• Whitehaven Coal's takeover of Aston Resources (US$2.4 billion) and Boardwalk Resources ($US738 million)
  • Exxaro's takeover of African Iron (US$280 million)
  • St Barbara's proposed acquisition of Allied Gold (US$633 million)
  • Sumitomo's acquisition of a 50% interest in Isaac Plains operations from Aquila Resources Ltd (US$454 million).

Foreign investment remains the biggest driver of Australian M&A activity, accounting for 73% of announced deals in the first half of this year according to Clayton Utz. This investment is driven largely by Australia's natural resources, as well as its standing as a stable economy with a transparent regulatory environment.

Key foreign investors into Australia include China, with its investment in resources (for example, Yancoal's acquisition of Gloucester) and agriculture (including COFCO Group's takeover of Tully Sugar). India is also involved in M&A activity in Australia, with resources acquisitions by GVK, Adani and Lanco, largely driven by India's need for resources and energy sources – including thermal coal.

Given the current volatility in equity markets, and an increase in foreign bidders, cash deals have represented close to 82% of all Australian M&A transactions in the first half of 2012, according to Bloomberg.

Australia continues to experience a two-speed economy, where the mining and energy sectors are thriving, while the manufacturing and retail sectors struggle and experience significant foreign competitive pressures. Corporate boards remain highly cautious at present and matching the price expectations of buyers and sellers will prove difficult in the current environment.

Japan

Over the first half of 2012, Japanese companies completed 912 M&A deals worth US$71.6 billion (¥5,622 billion), according to Recof. Underpinning this M&A activity was the Japanese Government's decision to inject US$12.74 billion (¥1,000 billion) into the Tokyo Electric Power Company, in response to the Fukushima nuclear disaster.

At the same time, the number of crossborder M&A deals between Japanese and international firms reached its highest level in 22 years over the first half of 2012. According to Recof, 262 deals were completed worth US$44.45 billion (¥3,490 billion). This M&A activity has been focused around the food and energy sectors.

Since the Fukushima disaster, Japanese companies have increasingly sought out opportunities in overseas markets, anxious about the possibility of local electricity supply shortages. For that reason, large companies and small to medium enterprises now actively participate in global M&A deals, which has helped boost the number of deals being undertaken.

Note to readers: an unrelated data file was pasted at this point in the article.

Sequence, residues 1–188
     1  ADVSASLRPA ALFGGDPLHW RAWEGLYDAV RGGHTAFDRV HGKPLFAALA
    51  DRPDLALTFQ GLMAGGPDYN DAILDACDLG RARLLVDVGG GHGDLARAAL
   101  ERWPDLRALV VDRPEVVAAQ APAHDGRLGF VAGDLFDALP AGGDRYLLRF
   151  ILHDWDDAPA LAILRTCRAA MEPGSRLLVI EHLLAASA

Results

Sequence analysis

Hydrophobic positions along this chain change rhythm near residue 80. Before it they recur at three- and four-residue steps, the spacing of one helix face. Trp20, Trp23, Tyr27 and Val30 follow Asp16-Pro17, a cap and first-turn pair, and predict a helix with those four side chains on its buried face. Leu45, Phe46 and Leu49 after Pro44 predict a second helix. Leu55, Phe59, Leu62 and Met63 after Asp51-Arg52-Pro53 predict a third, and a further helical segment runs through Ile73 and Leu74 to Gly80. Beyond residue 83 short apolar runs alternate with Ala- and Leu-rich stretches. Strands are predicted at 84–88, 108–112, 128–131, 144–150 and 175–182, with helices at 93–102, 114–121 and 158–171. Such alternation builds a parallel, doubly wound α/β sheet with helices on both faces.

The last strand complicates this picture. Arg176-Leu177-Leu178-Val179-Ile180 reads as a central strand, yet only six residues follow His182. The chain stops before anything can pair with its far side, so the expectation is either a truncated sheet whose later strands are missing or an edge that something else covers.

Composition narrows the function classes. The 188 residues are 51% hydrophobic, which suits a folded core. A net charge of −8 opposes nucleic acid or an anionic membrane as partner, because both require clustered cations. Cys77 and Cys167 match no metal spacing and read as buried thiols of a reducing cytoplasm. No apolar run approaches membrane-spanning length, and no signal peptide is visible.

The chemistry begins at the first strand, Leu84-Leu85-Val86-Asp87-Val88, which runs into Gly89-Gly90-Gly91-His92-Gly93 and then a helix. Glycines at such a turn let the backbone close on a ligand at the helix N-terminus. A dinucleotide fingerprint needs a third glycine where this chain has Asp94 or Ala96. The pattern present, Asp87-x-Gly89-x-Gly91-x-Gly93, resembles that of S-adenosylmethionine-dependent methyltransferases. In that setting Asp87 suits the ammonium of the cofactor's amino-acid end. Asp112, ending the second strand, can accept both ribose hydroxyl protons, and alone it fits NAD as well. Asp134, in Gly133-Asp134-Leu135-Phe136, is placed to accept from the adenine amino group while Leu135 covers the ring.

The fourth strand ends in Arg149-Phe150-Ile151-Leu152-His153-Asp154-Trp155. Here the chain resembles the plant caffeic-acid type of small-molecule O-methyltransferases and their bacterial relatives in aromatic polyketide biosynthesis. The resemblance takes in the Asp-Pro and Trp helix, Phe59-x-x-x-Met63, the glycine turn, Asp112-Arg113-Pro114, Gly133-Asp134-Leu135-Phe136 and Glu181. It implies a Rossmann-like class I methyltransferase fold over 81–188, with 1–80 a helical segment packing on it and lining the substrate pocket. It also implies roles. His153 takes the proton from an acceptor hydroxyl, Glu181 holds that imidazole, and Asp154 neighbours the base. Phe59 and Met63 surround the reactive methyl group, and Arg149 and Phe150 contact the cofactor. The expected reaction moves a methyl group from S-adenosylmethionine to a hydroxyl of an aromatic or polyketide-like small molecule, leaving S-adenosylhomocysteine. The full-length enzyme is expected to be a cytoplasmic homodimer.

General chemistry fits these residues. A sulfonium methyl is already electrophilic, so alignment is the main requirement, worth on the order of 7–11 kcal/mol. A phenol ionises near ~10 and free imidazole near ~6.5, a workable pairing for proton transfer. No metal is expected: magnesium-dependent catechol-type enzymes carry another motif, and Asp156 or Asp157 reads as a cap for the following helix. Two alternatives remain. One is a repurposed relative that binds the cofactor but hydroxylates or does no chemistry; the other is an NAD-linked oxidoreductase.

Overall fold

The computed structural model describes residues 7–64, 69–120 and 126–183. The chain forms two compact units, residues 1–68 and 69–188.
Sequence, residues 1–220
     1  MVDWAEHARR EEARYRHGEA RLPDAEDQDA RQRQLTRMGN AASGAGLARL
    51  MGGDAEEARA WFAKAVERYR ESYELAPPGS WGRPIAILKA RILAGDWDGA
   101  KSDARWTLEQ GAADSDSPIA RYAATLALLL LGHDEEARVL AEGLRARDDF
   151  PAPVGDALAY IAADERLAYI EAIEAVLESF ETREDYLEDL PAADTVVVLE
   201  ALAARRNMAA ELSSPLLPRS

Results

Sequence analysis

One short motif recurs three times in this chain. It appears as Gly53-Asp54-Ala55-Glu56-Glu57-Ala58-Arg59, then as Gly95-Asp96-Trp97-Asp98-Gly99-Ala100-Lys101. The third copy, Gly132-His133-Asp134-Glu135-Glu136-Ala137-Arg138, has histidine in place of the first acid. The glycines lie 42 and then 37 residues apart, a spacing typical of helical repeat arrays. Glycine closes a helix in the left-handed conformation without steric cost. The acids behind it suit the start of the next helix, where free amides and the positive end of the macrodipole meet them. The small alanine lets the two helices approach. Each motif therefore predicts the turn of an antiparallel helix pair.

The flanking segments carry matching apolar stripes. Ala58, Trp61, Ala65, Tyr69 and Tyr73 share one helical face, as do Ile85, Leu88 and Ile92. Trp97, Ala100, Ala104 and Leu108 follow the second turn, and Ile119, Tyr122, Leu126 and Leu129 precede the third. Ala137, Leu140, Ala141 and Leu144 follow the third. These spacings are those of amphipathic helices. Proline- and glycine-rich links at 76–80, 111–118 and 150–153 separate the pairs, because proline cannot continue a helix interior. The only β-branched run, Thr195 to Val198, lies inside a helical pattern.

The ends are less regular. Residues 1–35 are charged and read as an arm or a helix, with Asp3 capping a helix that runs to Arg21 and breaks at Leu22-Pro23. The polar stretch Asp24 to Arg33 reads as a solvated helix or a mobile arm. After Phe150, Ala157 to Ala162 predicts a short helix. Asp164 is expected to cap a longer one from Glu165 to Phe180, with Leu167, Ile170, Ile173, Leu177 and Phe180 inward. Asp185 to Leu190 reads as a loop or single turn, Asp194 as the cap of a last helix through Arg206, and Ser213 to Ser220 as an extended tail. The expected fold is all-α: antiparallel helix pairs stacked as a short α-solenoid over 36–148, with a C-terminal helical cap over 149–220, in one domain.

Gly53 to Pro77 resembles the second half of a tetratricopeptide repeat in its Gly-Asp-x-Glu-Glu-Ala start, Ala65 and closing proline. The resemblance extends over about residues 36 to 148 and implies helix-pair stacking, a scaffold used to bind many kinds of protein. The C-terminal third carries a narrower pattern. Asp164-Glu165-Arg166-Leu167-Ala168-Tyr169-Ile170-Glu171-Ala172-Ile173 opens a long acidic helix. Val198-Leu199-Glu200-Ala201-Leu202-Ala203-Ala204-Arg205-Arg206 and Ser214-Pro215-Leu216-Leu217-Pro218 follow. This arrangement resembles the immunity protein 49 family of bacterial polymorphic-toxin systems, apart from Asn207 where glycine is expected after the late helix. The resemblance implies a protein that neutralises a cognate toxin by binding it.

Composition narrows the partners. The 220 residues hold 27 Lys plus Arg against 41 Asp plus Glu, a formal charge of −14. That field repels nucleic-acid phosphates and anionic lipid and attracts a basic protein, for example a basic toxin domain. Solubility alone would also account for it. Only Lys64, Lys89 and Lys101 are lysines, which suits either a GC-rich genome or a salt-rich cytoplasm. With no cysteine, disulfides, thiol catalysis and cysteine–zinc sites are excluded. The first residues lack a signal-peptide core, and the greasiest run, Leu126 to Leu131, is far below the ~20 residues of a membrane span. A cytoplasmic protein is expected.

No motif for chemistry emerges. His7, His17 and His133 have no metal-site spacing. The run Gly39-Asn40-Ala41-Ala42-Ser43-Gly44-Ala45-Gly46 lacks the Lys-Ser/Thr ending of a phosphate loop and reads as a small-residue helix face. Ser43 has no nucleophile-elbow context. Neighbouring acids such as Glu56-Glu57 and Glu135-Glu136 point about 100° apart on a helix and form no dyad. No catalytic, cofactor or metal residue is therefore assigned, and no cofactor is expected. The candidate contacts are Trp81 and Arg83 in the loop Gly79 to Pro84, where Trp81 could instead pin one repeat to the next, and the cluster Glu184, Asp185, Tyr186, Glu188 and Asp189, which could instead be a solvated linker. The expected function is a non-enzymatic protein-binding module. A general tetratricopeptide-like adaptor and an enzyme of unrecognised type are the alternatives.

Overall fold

Some analysts have forecast that Europe's unstable financial situation will lead to an ongoing appreciation of the Japanese Yen this year. A higher currency will push up the price of exports, and will hinder an export-led recovery.

According to economists, population increases and economic growth in emerging markets will ensure global M&A transactions involving Japanese companies continue to grow into the future.

Middle East, Africa and India

Introduction

M&A activity in the Middle East and Africa went up in the first two quarters of 2012 based on deal value, according to mergermarket's M&A Round-up. However, when compared to the same period in 2011, overall M&A activity in the first half of 2012 was down by US$22.1 billion, a 16% drop.

The telecommunications and financial services sectors recorded increases in both deal numbers and values in the first half of 2012.The largest deal completed in this period was France Telecom SA's US$3.3 billion acquisition of a 63.64% stake in the Egyptian Co. for Mobile Services.

Turning to India, the domestic M&A sector remained robust over the first six months of 2012. This was despite a drop in overall M&A activity. In addition, ongoing legal and regulatory uncertainty may lead some companies to reconsider or delay M&A plans.

Turkey

The Turkish economy has been one of the world's fastest growing in recent years. Shrugging off the effects of the global financial crisis, the country has mounted a strong recovery, with gross domestic product increasing by 8.5% in 2011. Turkey is now viewed as an emerging market and an increasingly attractive investment destination.

At present, Turkey is in the middle of a major privatization program, involving infrastructure and power projects, in addition to the national lottery. And the increasing power needs of the economy are expected to underpin an increase in M&A deals in coming years.